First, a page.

Leaf development serves as a model for plant developmental flexibility. Flexible balancing of morphogenesis and differentiation during leaf development results in a large diversity of leaf forms, both between different species and within the same species. This diversity is particularly evident in compound leaves. Hormones are prominent regulators of leaf development. Here we discuss some of the roles of plant hormones and the cross-talk between different hormones in tomato compound-leaf development.
Ben-Gera, H. ; Dafna, A. ; Alvarez, J. P. ; Bar, M. ; Mauerer, M. ; Ori, N. Auxin-mediated lamina growth in tomato leaves is restricted by two parallel mechanisms. Plant J 2016, 86, 443-57.Abstract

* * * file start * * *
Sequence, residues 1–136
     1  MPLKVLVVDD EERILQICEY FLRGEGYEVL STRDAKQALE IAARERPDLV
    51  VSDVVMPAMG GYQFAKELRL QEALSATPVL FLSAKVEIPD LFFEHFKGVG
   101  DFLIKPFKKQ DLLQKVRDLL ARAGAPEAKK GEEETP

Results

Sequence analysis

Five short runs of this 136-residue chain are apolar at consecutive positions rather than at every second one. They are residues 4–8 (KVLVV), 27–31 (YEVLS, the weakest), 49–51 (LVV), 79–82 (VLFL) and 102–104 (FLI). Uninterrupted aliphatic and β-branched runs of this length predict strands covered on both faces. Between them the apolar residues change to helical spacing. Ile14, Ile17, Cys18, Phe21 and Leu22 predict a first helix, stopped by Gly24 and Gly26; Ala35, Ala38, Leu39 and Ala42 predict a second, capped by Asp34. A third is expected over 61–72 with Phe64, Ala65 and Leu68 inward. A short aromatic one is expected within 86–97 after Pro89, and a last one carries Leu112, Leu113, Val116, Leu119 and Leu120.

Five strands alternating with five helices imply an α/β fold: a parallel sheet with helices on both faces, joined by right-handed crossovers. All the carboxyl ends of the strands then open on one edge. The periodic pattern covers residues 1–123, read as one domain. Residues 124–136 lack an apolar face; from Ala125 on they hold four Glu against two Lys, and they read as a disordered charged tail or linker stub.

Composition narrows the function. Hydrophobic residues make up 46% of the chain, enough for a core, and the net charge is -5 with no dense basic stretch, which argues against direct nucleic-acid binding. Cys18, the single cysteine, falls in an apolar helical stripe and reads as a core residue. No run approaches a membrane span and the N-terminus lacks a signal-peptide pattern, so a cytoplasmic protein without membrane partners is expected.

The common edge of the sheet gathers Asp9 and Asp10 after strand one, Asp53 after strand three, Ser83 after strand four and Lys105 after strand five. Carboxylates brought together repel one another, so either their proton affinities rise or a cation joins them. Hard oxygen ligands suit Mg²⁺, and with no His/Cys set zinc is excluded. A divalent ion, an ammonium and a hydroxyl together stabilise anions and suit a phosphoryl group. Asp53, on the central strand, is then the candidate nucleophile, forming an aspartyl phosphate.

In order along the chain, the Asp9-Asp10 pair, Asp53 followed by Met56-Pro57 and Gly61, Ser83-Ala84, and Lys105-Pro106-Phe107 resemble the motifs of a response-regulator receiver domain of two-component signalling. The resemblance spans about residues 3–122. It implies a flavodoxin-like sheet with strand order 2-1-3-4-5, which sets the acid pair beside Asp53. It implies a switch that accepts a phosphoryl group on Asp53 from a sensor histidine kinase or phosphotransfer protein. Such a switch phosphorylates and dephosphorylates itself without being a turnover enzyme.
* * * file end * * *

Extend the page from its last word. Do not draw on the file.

In the development of tomato compound leaves, local auxin maxima points, separated by the expression of the Aux/IAA protein SlIAA9/ENTIRE (E), direct the formation of discrete leaflets along the leaf margin. The local auxin maxima promote leaflet initiation, while E acts between leaflets to inhibit auxin response and lamina growth, enabling leaflet separation. Here, we show that a group of auxin response factors (ARFs), which are targeted by miR160, antagonizes auxin response and lamina growth in conjunction with E. In wild-type leaf primordia, the miR160-targeted ARFs SlARF10A and SlARF17 are expressed in leaflets, and SlmiR160 is expressed in provascular tissues. Leaf overexpression of the miR160-targeted ARFs SlARF10A, SlARF10B or SlARF17, led to reduced lamina and increased leaf complexity, and suppressed auxin response in young leaves. In agreement, leaf overexpression of miR160 resulted in simplified leaves due to ectopic lamina growth between leaflets, reminiscent of e leaves. Genetic interactions suggest that E and miR160-targeted ARFs act partially redundantly but are both required for local inhibition of lamina growth between initiating leaflets. These results show that different types of auxin signal antagonists act cooperatively to ensure leaflet separation in tomato leaf margins.